Working The Room

From the moment she entered, all I could think was: Baby, you know how to work a room. Well-dressed, maybe not by the norms of the current fashion, she was sported a closely cropped hairstyle, capri pants and a peplum style mint green top. All eyes were on her and that was the way she loved it.

She was loud, brash even, yet somehow still nonchalant. Her captivating attitude drew everyone towards her. She had a way of interacting with everyone in the room, making each feel special, individually. I’m almost envious of this gravitational force she seems to have around her. When she, tossing back her head carelessly, would laugh unreserved, those around her couldn’t help but smile too.

One moment, during the evening, she was sipping from a glass of water. Something must have irked her, for with a swift movement of her hand and a shriek, she knocked the glass off the table. We stared, shocked, and she, suddenly conscious of the attention, broke out into a nervous laugh. Order was restored. Everybody merely laughed it off. I honestly don’t think my social skills could match hers. Her smile was reserved for few, but her good humour impressed all.

When her uncle took a picture of her with his phone from across the room, she turned to see where the flash came from. Confused at first, her face soon brightened. She rushed over, chuckling, snatching the phone from his hand, to see the picture. After a mere glance at it, she traced an indecipherable pattern on the touch screen and put it to her ear. Whatever it was she heard she didn’t like, because she removed it from her ear and proceeded…

…to put it in her mouth.

I still couldn’t take my eyes off her; stream of drool dribbling down her face glistened. I thought: Damn, it must be amazing to be one year old. Everybody thinks you’re adorable. The main occupation of your time is playing, eating, sleeping and soiling your nappy. No worries about the future. Not yet, anyway. The good life.

Her mother carried her out, she wailing at the top of her lungs, as she had absent-mindedly smacked herself in the face with the phone. I was still in awe.

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Author: emphadiate

Med student, chai lover, avid reader. Daydreamer extraordinaire. Slightly imbalanced.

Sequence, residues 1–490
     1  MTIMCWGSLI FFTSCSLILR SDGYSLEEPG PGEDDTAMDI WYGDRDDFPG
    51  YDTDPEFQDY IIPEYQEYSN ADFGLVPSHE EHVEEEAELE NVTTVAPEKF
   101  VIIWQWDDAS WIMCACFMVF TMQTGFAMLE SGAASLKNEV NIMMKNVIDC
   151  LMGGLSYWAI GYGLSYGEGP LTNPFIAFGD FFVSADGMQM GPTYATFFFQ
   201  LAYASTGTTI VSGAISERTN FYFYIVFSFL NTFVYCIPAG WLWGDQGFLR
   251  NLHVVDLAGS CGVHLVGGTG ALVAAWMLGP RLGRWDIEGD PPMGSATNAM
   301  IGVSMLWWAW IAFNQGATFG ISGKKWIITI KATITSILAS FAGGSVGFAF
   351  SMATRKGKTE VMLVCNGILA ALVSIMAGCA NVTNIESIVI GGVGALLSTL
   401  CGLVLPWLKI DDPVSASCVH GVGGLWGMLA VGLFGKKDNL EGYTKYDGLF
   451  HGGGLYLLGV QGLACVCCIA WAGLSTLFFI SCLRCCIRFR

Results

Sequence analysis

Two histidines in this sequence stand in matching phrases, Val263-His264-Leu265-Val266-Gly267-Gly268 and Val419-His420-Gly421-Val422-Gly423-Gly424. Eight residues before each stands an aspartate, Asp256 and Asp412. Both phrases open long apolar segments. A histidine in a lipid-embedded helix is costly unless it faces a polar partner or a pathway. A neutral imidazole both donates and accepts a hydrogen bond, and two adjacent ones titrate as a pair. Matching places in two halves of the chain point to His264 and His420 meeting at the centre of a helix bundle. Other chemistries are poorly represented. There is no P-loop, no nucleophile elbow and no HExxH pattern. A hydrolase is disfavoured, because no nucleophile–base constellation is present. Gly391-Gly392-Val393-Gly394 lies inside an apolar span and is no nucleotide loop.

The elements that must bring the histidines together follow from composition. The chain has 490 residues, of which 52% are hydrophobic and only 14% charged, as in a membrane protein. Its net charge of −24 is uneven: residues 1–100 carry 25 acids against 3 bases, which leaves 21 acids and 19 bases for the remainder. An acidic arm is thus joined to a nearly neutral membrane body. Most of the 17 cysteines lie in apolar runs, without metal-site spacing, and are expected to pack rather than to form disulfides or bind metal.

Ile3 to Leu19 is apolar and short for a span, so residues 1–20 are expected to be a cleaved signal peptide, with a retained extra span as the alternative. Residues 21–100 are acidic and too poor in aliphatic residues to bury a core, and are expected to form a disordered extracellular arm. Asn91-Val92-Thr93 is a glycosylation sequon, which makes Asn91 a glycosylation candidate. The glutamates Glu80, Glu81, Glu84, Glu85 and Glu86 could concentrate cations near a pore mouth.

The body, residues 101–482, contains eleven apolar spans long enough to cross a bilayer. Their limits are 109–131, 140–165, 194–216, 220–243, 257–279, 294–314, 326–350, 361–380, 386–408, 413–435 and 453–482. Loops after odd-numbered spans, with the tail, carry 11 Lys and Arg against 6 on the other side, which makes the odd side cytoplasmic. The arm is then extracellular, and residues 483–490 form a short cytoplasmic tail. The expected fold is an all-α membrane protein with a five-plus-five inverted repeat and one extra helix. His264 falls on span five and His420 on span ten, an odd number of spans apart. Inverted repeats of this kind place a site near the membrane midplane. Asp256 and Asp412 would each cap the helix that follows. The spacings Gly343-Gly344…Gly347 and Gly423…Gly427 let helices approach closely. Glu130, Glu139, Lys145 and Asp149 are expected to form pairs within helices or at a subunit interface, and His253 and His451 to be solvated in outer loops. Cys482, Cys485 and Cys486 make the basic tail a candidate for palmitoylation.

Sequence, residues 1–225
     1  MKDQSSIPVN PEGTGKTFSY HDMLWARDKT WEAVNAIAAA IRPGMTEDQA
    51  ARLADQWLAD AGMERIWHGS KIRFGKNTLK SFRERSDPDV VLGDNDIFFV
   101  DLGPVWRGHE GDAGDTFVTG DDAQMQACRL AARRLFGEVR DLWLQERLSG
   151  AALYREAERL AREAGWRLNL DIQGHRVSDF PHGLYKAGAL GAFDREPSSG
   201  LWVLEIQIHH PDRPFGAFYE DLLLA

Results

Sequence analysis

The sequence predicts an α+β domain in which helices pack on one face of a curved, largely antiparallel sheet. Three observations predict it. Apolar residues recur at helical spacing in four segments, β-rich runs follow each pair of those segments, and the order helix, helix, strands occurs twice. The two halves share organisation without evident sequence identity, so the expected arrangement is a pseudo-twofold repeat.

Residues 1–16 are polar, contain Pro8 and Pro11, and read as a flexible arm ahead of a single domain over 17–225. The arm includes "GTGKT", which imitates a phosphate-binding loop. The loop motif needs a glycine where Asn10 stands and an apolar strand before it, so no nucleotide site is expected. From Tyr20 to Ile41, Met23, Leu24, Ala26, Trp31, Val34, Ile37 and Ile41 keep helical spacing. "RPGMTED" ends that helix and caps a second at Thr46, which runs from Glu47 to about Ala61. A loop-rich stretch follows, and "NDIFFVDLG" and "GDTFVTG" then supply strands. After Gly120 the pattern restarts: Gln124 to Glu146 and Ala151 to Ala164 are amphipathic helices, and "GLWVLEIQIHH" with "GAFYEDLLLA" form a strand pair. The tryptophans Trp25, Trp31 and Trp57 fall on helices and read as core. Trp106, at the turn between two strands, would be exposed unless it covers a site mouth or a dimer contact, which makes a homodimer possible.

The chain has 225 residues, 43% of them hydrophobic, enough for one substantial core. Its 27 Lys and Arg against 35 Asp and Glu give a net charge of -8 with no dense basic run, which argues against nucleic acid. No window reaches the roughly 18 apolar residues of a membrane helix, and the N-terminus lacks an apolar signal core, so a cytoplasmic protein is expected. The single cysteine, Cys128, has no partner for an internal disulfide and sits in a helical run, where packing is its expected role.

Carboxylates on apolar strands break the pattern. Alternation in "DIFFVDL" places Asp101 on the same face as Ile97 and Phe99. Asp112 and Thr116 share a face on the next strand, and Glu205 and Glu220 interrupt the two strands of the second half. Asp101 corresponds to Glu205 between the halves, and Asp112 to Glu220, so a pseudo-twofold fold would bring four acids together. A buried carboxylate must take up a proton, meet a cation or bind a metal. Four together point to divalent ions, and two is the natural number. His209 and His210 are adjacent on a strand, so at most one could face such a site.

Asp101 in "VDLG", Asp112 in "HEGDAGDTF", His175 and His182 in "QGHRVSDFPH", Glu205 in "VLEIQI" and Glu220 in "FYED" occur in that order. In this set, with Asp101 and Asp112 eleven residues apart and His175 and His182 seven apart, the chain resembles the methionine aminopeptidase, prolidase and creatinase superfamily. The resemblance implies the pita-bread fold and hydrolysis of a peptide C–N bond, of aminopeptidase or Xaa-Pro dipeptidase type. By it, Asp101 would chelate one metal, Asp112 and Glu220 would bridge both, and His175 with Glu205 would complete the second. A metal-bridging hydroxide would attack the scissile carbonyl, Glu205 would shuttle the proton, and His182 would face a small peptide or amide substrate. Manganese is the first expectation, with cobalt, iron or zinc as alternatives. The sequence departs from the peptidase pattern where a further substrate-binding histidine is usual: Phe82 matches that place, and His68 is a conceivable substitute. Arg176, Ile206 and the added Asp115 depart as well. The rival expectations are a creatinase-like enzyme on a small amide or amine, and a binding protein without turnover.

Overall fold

32 thoughts on “Working The Room”

  1. Hhaha…totally twisty.
    You could win a flash fiction with that, seriously.
    Loved it.
    :))

    Hats off.

  2. Hahahaha. I don’t know whether to laugh at hilariousity of it, or Aww at the cuteness of it. Very well written.
    At first it build up an image of a very vibrant young lass, and it got me thinking, that ‘Wow, where do such girls exist apart from books and prose?’.. but then I laughed at the end.

  3. Goodness, Hadia! I can not stop laughing at both the post and myself for being in love with the subject of this masterful piece of writing that you’ve produced here tonight. Your ingenuity and creativity are truly remarkable. I loved this.

  4. You’ve always focused on prose. The usual topics. Also, the unique different ones. Exploring realities of life and conveying them in an amazing way in a true prosic manner. So, coming from you this one is a very different air of change. I loved the way you twisted it, created and knitted the thought around that one character and brought out the real beauty. I’d love to read more such posts from you. You are exceptional in playing with words, madame. Fiction seems to be your thing.
    Wonderful piece, personally liked it much!

  5. Every time I read your post and think that I know how talented you are, but with new post I get blown away. You are an amazing storyteller. The flow of your thoughts the way you play with words the beauty with which you give words to those thoughts inside your amazing mind, it’s just exceptional. I envy your talent Hadia! No matter how much you write, its never gonna be enough, that’s how good you are! Keep up the amazing work! Kudos!

  6. This quite an adorable post, that really shows how talented you are at writing such stuff! 🙂
    Im reading your work for the first time and was inclined to comment on this cute post…

  7. When I envy, I think of something to counter the feeling, here, when I think how a one year old is free of all responsibilities, I then think, a one year old is also dependant on somebody for the very basic needs of life including food and movement. Independance can never be trumped by good social skill, right? Being the introvert I am, I’d rather be socially awkward sitting in a corner but at least I’d be able to eat and move on my own!

  8. Aww Aww Aww, This is truly amazing. I wasn’t really expecting her to be an infant at the end. Cool twist, you queen of fantasy. :3

  9. I was expecting the subject of the narrator’s envy to be bipolar or something.Maybe moody even.It crossed my mind once that it could be a baby but I dismissed that idea summarily;for it was improbable I felt.
    What a master con you are!
    It was only when you mentioned the uncle taking the photo that I knew that I had it right.Haha!
    But the ending tells me more about the narrator than the subject.I’m still in awe.Thank you for such a lovely piece! It was too good for words.Seamlessly blending in different realities.Just beautiful! 🙂

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